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Materials and methods

Slice cultures are thin cuts of the original tumor tissue, preserving the original morphology and cellular composition of tumors for several days up to weeks in culture, depending on the tumor entity Figure 1a-d. While spheroid models are widely described and recently reviewed for intestinal cancers [1] and others [2], we focus here on a brief overview of the slice culture model and describe future possibilities in this field. Figure 1: Human tumor slice cultures. Only the lower side of the tissue is in contact with the culture media, the upper side stays exposed to air.

Adjacent tissue was cultured for 24h with Isolectin B4 labelled and was then transferred to the tumor slice culture without macrophage labelling. Tissue was live imaged by a confocal microscope with a stable incubation chamber and a 20x objective. Tumor slice cultures can be useful for studying complex cellular processes and tumor-stroma interaction ex-vivo. In it was already shown that antibodies against a cell-surface receptor altered the growth pattern of cancerous cells kept in 3D cultures but not in monolayer cultures [3].

Since then, numerous changes were discovered and novel systems became established reviewed in [4,5].

Spheroids in cancer research. Methods and perspectives.

It became clear that tumor tissue consists of various cancer cell clones, influencing each other. These compilation needs to be maintained similar to the physiological condition, in order to compare tissue response in culture with the tumor response of the organism [6,7]. Intriguing papers were published that report about investigation and refinement of various technological issues. Vaira et al. Colon cancer tissue of the same patients was used to compare slice cultures ex vivo with primary monolayer cultures by microarray analysis. Colon tumor slice cultures showed little alterations whereas primary cultures were not comparable to the uncultured tumor tissue.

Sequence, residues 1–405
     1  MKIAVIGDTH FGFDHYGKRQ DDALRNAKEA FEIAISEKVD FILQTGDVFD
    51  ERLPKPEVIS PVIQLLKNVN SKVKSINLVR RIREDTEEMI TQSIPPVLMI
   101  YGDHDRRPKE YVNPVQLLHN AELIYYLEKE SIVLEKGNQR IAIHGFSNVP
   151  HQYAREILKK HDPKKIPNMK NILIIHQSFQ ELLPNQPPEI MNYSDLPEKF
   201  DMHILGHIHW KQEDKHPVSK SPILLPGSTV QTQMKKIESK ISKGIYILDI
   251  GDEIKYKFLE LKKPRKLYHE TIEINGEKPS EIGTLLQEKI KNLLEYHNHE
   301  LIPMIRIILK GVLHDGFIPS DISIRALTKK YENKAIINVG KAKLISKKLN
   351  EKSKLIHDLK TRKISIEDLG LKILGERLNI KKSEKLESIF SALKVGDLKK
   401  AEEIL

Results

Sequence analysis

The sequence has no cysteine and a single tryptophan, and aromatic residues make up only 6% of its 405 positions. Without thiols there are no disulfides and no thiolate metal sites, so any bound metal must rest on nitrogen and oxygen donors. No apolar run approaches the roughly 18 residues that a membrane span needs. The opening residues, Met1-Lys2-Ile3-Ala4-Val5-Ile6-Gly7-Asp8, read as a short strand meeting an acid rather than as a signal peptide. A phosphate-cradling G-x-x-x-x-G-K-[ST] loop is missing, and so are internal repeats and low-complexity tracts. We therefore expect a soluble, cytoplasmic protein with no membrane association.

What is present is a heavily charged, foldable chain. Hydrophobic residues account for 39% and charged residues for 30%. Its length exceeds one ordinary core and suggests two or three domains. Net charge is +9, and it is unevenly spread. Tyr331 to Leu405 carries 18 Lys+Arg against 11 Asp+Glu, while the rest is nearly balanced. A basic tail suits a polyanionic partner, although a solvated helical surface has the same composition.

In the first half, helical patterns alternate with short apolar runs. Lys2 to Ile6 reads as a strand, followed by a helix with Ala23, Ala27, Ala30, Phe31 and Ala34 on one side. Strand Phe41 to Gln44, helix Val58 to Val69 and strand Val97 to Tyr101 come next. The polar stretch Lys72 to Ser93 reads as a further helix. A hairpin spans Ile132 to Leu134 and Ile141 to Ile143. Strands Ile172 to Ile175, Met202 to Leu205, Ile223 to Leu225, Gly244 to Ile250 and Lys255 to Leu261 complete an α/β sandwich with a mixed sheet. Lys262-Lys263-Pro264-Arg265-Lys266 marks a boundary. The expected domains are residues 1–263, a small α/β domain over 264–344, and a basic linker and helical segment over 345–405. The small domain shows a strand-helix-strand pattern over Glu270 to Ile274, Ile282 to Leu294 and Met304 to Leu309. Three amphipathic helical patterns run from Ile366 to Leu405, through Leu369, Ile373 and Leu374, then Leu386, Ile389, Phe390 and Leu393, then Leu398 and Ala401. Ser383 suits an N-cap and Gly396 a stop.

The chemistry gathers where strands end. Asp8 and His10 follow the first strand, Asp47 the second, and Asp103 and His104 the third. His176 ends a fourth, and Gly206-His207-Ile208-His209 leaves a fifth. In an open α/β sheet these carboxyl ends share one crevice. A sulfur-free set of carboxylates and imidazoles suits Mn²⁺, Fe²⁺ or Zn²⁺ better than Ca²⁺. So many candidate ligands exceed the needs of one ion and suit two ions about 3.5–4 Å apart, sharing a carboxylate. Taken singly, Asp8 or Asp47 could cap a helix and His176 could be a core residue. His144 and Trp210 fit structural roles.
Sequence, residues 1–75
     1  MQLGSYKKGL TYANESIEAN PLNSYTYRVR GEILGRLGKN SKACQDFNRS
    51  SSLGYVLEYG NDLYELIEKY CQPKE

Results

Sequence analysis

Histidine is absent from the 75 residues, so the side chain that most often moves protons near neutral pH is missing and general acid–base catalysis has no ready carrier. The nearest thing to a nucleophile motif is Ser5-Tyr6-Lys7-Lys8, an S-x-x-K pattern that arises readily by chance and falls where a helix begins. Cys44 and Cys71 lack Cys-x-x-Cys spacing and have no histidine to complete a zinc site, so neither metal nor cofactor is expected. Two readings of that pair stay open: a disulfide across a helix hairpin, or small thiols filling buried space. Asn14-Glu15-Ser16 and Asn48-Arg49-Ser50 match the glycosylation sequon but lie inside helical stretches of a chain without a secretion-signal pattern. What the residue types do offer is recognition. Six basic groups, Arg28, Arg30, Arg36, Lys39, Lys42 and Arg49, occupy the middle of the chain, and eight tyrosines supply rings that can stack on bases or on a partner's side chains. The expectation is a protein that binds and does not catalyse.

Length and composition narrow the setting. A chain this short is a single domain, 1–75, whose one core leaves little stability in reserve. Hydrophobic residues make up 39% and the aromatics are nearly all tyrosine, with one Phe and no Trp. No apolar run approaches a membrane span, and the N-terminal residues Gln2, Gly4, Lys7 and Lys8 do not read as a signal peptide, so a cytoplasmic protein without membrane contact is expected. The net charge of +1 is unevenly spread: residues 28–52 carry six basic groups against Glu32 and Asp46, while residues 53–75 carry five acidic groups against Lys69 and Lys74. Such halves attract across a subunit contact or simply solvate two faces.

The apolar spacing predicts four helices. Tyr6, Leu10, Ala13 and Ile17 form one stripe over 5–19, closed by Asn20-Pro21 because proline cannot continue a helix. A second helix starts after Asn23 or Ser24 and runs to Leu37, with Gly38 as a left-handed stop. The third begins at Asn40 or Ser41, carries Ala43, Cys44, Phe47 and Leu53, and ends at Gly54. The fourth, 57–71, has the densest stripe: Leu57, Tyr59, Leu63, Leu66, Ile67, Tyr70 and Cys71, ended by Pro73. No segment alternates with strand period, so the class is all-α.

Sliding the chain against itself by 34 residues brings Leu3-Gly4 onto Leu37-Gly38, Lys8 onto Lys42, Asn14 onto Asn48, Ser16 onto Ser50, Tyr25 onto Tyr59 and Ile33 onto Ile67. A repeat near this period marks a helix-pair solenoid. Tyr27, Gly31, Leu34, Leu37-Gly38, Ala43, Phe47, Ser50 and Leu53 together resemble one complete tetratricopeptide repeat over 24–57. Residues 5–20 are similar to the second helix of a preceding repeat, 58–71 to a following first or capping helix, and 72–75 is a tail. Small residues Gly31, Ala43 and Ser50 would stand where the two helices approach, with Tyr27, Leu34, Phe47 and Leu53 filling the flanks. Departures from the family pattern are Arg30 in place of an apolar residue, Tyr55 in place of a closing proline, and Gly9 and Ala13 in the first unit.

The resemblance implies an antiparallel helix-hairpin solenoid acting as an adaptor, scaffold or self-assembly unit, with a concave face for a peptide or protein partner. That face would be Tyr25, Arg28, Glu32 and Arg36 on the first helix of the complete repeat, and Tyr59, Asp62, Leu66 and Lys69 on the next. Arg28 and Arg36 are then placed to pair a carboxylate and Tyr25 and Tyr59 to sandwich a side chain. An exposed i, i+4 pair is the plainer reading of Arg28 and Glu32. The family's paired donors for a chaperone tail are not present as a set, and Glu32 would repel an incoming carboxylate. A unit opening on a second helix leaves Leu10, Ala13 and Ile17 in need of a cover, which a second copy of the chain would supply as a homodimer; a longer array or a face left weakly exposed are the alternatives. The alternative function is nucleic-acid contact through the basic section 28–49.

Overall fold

However, an important point to consider in this comparison is the different culture media used in the compared methods [9]. Moreover, promising novel therapeutics and mechanisms of resistance can be tested on human tumor slice cultures, guiding and potentially even preventing animal experiments. Animal research in cancer has profound impact on the quality of life of the animals and they may lead to severe suffering and death of the animal.

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Besides mutational mouse models, xenograft models are scientifically questionable in the context of tumor-stroma interaction. These mouse models are the golden standard in oncology research, yet they should be used with care as not only a missing immune-system but also species differences need to be considered. Fatal cytokine storms were developed by all human volunteers taking part in a clinical phase I trial.

The investigational compound, a monoclonal antibody directed against Cluster-of-differentiation CD 28 did not indicate any of these effects in non-human chimpanzees or mouse models. CD28 is one of the proteins expressed on human T cells that provide co-stimulatory signals required for T cell activation and survival. In contrast to the animal models, the reason for the observed severe clinical effect was reproducible in human lymphatic tissue slice cultures from the palentine tonsil.